Defence Minister Peter Dutton (Image: AAP/Lukas Coch)

Peter Dutton is still setting out his stall in his new role as defence minister. But according to Niki Savva’s column in The Australian today, given Scott Morrison’s lamentable performance over quarantine and vaccination, as well as concerns over his apparent “Labor lite narrative”, that may not be all:

There is growing hope inside the ranks, including among those who couldn’t vote for him in 2018, that Peter Dutton will use his status as a conservative standard bearer and his considerable internal power to quietly at first, then more publicly if necessary, branch out into other areas, including the economy, to at least provide a stronger Liberal flavour to a Labor lite narrative.

But of course, we already have reams of public material setting his views on the world.

Hawking goods

On Anzac Day, Dutton was on ABC’s Insiders insisting that conflict with China over Taiwan “should not be discounted”. He urged Australians to be realistic about China militarising bases across the Asia Pacific.

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“China has been very clear about the reunification and that’s been a long-held objective of theirs,” he said. “They have been very clear about that goal.”

This joins talk from his former Man Friday at home affairs, Mike Pezzullo (who must have forgotten he hadn’t yet moved to Defence with Dutton), sending an Anzac Day message to staff floridly warning that “free nations” might again hear the “beating drums of war” (presumably just before he blessed the rains down in Africa).

Trouble telling left from right

After the director-general of ASIO singled out right-wing extremism as a terrorism threat in Australia, Dutton decided the real problem was “left-wing lunatics” — like that famous woke brigade Islamist terrorists.

Given Islamist terrorists are religious fundamentalists — with all the loathing of LGBTIQ people, oppression of women and opposition to the separation of church and state this implies — this is, as Bernard Keane put it at the time, a novel interpretation.

Awake to woke

One of Dutton’s first acts as defence minister was to target the morale slump in the armed forces, and remind soldiers the government “has their back”. This followed the horrifying allegations of the Brereton report and appeared to respond to concerns from the Liberal Party right that the army had become too “woke”, by banning death symbols, stripping meritorious unit citations from special forces and, somehow related, hiring a twerking dance troupe at the dedication of a warship.

Confirming this approach, earlier this month Dutton issued a ban on “woke agenda” events like changing language protocols and morning teas for causes, such as the International Day Against Homophobia, Biphobia, Interphobia and Transphobia (IDAHOBIT).

“Defence represents the people of Australia and must at all times be focused on our primary mission to protect Australia’s national security interests,” he said. “We must not be putting effort into matters that distract from this.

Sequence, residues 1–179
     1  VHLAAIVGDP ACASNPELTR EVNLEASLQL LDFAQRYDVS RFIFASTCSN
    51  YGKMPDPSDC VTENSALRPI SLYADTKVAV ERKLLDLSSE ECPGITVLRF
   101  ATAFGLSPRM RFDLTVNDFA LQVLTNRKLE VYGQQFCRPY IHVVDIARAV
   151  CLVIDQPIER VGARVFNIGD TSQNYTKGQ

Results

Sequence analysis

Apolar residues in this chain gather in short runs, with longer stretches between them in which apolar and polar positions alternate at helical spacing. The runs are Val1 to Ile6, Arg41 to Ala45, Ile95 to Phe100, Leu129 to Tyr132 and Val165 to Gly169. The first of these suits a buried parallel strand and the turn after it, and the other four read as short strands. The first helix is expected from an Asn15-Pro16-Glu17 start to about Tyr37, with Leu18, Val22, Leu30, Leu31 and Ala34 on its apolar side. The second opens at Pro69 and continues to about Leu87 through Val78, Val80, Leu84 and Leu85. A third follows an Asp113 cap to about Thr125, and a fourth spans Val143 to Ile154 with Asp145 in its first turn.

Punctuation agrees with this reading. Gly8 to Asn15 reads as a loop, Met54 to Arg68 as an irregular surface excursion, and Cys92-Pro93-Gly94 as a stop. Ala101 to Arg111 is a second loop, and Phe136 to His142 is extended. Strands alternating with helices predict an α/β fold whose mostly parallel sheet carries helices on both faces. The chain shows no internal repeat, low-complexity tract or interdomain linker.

“To meet these important aims, changing language protocols and those events such as morning teas where personnel are encouraged to wear particular clothes in celebration … are not required and should cease.”

Man of the world

Then, of course, there were the months and months he spent as the primary spruiker of the confected “African gangs crisis in Victoria leading up to the state election in 2018 — which may not have shifted a single vote to the Libs, but did have some concrete effects — and the time he said it had been a mistake to let Lebanese people into the country in the 1970s.

He has gleefully called deporting New Zealanders “taking out the trash“, but also went out of his way to ensure their NRL team could get into the country despite our locked borders. His views on refugees from any country are probably most pithily summed up by this contention in 2016: “They won’t be numerate or literate in their own language, let alone English. These people would be taking Australian jobs, there’s no question about that.”

Suspicion of democracy

It’s strange he’s so hawkish on China, given you could almost swear he admires the way it goes about things — he has said parliament is a disadvantage for government and is extremely keen on surveillance up to and including what pornography citizens watch.

Free speech

After making a right royal hash of his response to the alleged rape of Brittany Higgins (calling it “he said, she said”), he responded by threatening to sue Greens Senator Larissa Waters for calling him a “rape apologist”. She apologised and he backed off, but unemployed refugee advocate Shane Bazzi has not been so lucky.

Trouble counting

For a time in August 2018, he thought a lot of people — in his party and out of it — wanted him to be prime minister. In neither case did this turn out to be true.

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Peter Fray
Peter Fray
Editor-in-chief of Crikey
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